Friday, July 30, 2010

Northern Illinois won't allow Sean Kowal to pursue a graduate degree in Theology

Sean Kowal is an example of what is right in college athletics.

The 6'11" big man originally enrolled at Colorado, but after seeing limited minutes in his one season with the Buffaloes, he transferred to Northern Illinois. After redshirting the required one season, Kowal became a very effective part-time starter for the Huskies, averaging 10 ppg and 6 rpg the last two seasons.

But Kowal is also a good enough student that he was able to earn his undergraduate degree in four years. Coming to the realization that he likely won't be playing for pay once he collegiate career comes to an end, Kowal is looking to attend graduate school for Theology.

"After I realized I was going to graduate," Kowal told KSDK in St. Louis, "I've kind of thought about life after basketball. I'm not going to sacrifice my education for basketball."

The NCAA has a rule in place that allows a player to transfer to another institution for graduate school and skip the required redshirt season as long as the program he is taking isn't offered at his current school. Northern Illinois doesn't offer Theology, so one would think that Kowal would currently be looking for a school with the right Theology program.

Except there's one problem -- NIU won't release him from his scholarship:

Now here is what I don't understand.

In an idealistic world, the reason for athletic scholarships is that kids with superb talents in a certain sport can capitalize on that talent and receive a very expensive education for free. Kowal did just that. He's a "student-athlete" by every definition of the word.

And now he wants to be able to use his talent to further his education, to help him earn a graduate degree is Theology. But since the NCAA allows NIU to "handcuff" Kowal, he is either going to have to change the course of his studies and take a graduate program offered at NIU, or he is going to have to pay out of pocket for his education.

Student loans are miserable to pay back. Kowal has an opportunity to avoid those loans and that debt and still pursue the education and the career that he wants.

NIU wont give him that opportunity.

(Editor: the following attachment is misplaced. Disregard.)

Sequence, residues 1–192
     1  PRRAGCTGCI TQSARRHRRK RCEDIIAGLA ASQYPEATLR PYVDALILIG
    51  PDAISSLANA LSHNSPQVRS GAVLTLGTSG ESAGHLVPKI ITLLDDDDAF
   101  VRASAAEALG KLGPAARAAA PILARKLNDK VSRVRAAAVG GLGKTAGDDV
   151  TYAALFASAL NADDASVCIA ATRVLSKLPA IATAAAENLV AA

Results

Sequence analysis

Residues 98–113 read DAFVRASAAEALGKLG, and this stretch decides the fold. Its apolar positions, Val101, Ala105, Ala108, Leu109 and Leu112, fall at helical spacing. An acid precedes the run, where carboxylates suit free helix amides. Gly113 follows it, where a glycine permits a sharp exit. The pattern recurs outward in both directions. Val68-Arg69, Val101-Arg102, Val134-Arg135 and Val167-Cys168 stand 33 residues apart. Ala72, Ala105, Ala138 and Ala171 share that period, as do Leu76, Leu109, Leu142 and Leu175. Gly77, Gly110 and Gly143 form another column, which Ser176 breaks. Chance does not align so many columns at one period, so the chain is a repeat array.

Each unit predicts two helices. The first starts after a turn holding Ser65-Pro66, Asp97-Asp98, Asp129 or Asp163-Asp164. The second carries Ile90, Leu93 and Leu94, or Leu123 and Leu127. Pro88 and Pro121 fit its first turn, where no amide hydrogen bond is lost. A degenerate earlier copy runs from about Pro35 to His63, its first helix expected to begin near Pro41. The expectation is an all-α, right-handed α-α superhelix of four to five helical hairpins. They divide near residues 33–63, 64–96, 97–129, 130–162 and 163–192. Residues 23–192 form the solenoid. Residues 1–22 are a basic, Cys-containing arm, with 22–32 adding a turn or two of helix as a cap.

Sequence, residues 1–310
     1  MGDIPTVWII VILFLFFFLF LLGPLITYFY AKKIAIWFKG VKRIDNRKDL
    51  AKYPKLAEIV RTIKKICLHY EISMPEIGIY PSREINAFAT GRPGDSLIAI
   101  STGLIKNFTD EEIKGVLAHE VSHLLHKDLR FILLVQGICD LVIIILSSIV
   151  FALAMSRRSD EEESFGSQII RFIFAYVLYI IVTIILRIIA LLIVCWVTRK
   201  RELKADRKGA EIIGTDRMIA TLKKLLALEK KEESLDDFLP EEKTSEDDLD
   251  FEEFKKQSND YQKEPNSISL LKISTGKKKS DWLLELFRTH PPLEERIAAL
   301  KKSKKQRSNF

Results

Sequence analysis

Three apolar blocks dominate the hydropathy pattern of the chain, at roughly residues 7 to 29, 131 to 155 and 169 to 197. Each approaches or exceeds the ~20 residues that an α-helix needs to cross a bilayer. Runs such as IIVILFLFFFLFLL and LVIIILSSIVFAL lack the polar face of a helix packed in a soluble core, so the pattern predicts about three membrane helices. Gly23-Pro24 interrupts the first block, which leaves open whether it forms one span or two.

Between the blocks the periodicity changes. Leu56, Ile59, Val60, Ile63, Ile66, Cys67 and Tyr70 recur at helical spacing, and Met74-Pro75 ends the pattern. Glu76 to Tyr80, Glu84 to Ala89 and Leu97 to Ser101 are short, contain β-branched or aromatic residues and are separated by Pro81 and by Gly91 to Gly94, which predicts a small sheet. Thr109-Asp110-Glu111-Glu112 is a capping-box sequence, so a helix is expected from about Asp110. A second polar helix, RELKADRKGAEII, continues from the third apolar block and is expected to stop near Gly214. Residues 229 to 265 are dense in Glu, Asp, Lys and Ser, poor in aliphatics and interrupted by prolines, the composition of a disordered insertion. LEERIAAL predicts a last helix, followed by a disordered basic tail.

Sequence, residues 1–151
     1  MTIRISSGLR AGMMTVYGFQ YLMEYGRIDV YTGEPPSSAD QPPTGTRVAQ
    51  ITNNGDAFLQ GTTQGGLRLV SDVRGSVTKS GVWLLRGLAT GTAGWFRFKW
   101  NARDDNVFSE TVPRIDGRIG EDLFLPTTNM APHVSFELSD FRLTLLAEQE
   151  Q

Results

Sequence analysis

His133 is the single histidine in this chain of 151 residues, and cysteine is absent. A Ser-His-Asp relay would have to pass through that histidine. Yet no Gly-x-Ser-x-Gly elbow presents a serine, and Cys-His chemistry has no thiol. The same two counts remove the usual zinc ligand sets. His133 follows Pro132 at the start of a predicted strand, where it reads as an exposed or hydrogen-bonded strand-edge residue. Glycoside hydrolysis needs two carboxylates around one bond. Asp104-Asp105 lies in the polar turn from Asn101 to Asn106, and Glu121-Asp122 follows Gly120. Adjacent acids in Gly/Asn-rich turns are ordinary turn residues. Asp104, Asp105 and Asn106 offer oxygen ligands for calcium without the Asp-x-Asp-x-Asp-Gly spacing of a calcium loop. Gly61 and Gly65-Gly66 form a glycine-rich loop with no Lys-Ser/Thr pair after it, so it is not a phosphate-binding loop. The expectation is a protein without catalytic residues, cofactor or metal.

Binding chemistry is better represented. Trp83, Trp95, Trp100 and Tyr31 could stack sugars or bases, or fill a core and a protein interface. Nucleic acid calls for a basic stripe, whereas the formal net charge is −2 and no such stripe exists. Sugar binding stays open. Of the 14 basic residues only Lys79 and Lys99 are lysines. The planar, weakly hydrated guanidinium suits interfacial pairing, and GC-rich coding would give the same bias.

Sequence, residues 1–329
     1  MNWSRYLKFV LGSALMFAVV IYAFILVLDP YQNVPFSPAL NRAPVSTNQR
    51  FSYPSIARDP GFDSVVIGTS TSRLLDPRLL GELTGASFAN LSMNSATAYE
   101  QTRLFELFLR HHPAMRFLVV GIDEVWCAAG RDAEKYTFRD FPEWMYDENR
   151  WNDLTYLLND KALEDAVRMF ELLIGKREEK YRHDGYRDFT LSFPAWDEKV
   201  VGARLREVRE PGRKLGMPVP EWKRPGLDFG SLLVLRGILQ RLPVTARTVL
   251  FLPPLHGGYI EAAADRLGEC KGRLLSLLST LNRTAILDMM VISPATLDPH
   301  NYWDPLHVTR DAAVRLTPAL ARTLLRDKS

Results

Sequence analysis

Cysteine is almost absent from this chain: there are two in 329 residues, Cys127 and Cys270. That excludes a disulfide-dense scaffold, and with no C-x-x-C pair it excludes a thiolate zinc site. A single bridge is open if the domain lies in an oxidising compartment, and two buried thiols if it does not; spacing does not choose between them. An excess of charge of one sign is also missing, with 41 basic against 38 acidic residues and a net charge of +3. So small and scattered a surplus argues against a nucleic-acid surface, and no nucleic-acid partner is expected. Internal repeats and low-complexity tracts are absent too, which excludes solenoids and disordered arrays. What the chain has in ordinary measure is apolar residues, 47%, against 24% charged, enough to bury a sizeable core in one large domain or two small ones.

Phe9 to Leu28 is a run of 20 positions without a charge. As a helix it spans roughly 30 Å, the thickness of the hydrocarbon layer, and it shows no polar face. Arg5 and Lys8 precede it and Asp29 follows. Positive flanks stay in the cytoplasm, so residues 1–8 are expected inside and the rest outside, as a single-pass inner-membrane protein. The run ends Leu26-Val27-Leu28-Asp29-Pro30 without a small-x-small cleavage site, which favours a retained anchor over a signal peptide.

Which is ridiculous.

NIU won't grant Sean Kowal a release.
(photo credit:

Now, I don't the exact details of the relationship between Kowal and NIU's head coach Ricardo Patton, but he says in the interview has had no issues with the coach or the athletics department. Which makes me wonder -- what does Patton really care about here?

Does he truly care about Patton's education? Does he want his players to pursue a fulfilling career path? Or does he see a 6'11" center that averages double figures -- those don't exactly come around too often, especially at the mid-major level -- getting ready to walk and figure that his team, and by extension his coaching ability, would be that much better with Kowal on the roster?

If Patton really cared about his players, he would be applauding Kowal. We all should be applauding Kowal. Being a college basketball player and a student is not easy. Unline baseball and football, basketball season extends through both semesters, meaning that for at least half of every class a basketball player takes in college, he is going to be dealing with road trips, practices, film sessions, weight room sessions, etc., all while handling the same course load as the kids that have to budget their time between smoking weed, getting drunk, and banging out a paper or problem set.

People bitch and they moan about the issues with one-and-done players, and how poorly Kentucky did in the class room this year, and the APR. How many times have you heard someone make some remark about how college basketball players aren't "student"-athletes?